Lenovo Thinkpad T410

Gentoo Linux


Bought via, arrived on 2013-01-22. Obviously used, but I got a very nice deal with a brand new keyboard, display panel, battery and optical drive — the parts that generally wear out. With plenty of RAM too.

As for Gentoo, I simply copied the root filesystem from Hoo. The kernel was configured anew, and display drivers also needed changing.

Compiler notes

The GCC optimization for Core i[357] is -march=corei7. There are other options for newer Core models with AVX etc, but this is not one of them. However, since I use a network with an Atom D510 and a Core 2 Duo T7200, the highest common optimization is core2.

Kernel, undervolting

Intel graphics needs KMS, I have this built into the kernel. KMS also provides its own framebuffer, and automatically finds a good resolution for the console.

For undervolting, I simply emerged phc-intel. It provides the kernel module that replaces acpi-cpufreq. However, you still need to compile acpi-cpufreq to provide some symbols (mperf.ko), so you cannot completely remove it. Nevertheless, you can remove the actual acpi-cpufreq.ko to ensure that it is not loaded (as this would block phc-intel).

Power management

ACPI all the way. There are Thinkpad extras in the kernel, but I'm not sure if they are all really necessary. Standard suspend to RAM or disk works without a fuss.

I wrote my own script to suspend automatically upon low battery, and for more sensible fan control, see below. There is already plenty of software for these, but frankly, it was easier to roll my own.


Pretty solid, as expected from a Thinkpad. I haven't used a "full" keyboard with real home/pgup/pgdn/end etc. for a while, but I warmly welcome these. Also, it feels like the vertical travel is longer than in most laptops I've used, and it takes a little more force, but the latter is probably due to being brand new :)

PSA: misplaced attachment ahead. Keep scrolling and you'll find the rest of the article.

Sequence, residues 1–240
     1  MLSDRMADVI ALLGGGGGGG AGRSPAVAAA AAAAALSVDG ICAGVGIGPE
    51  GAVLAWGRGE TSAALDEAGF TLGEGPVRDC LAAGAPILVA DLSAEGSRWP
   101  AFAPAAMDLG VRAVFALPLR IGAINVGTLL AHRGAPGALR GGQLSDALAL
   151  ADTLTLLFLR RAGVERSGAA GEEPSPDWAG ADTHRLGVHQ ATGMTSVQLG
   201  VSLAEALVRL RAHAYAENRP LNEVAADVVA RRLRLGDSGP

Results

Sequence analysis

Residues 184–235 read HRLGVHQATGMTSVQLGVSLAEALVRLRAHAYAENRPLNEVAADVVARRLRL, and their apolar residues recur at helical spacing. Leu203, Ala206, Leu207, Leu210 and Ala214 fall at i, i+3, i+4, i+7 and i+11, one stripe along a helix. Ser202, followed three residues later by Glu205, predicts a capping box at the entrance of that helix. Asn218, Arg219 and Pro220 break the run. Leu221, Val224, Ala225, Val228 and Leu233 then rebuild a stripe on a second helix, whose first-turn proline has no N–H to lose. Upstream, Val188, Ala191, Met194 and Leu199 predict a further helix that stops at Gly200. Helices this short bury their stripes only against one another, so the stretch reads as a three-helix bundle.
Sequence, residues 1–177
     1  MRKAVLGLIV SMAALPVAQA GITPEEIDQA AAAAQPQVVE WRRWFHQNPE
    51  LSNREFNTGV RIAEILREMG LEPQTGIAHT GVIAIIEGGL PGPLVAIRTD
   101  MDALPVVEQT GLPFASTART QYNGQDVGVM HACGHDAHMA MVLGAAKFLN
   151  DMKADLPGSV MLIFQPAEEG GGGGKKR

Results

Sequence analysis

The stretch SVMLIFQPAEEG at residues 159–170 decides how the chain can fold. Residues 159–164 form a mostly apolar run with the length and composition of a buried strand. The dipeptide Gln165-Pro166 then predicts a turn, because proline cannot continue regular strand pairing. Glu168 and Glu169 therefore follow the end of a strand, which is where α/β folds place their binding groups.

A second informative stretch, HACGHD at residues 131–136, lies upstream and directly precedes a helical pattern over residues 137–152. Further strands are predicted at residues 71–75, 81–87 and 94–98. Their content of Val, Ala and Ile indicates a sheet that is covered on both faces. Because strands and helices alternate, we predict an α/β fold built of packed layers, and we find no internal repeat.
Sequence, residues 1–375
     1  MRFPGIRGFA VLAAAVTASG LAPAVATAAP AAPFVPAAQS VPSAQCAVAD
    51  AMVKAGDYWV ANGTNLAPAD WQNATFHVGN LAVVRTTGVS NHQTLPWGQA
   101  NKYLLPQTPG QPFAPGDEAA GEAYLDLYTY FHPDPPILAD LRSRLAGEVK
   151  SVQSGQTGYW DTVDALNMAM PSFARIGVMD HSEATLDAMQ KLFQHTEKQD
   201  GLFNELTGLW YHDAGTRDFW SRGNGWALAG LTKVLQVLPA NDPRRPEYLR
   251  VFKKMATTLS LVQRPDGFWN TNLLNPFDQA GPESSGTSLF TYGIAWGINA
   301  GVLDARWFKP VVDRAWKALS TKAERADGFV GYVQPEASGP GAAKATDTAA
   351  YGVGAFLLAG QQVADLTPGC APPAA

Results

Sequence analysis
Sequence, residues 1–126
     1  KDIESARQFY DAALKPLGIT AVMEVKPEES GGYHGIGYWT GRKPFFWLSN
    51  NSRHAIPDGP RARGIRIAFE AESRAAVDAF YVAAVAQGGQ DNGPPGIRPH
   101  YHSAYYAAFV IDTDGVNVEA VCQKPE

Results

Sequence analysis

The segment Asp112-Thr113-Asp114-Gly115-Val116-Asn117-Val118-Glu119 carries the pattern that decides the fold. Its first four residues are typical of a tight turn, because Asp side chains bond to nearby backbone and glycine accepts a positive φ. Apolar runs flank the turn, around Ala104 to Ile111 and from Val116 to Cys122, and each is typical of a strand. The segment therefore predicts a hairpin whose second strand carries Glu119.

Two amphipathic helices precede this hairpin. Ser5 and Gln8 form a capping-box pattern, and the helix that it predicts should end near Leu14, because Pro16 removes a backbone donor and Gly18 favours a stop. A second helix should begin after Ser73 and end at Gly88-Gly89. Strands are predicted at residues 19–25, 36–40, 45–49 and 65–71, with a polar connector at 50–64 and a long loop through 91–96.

The keyboard light (Fn+PgUp) initially seemed like a cheap hack to replace an actual backlit keyboard, such as that of the Powerbook. However, it has turned out invaluable as a wider-ranging work light, particularly with my theatre sound work.

Keyboard problems and solutions

This Thinkpad model has a known issue where the keyboard cable can be short-circuited, since it is pressing against a sharp corner of the metal chassis. You can generally fix this yourself with electrical tape. The cable may eventually be damaged too far, in which case it's good to have warranty. (I received my replacement keyboard on the next day after a service call :) The new keyboard cable should then be taped pre-emptively.

There are other potential sources for keyboard short circuits, namely the extra RF cables on the bottom. Good insulation, again, is your friend.


Your typical business laptop display, with poor contrast/blacks compared to real IPS/[PM]VA, but works as expected. At least it is not reflective. This is pretty much the main bit where I miss my Powerbook, but I wouldn't buy a recent Mac for many other reasons :-/